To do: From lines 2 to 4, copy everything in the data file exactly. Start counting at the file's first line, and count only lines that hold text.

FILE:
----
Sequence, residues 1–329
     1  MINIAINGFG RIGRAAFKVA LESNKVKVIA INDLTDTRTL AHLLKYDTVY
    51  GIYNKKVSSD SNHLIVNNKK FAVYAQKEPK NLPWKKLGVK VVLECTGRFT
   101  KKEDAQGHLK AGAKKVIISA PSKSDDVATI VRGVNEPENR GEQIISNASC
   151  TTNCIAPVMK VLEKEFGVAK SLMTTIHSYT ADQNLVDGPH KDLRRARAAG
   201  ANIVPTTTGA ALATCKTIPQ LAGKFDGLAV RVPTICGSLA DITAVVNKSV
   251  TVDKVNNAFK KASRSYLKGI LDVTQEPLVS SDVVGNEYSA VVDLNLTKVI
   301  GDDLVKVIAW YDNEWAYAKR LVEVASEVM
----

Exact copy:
     1  MINIAINGFG RIGRAAFKVA LESNKVKVIA INDLTDTRTL AHLLKYDTVY
    51  GIYNKKVSSD SNHLIVNNKK FAVYAQKEPK NLPWKKLGVK VVLECTGRFT
   101  KKEDAQGHLK AGAKKVIISA PSKSDDVATI VRGVNEPENR GEQIISNASC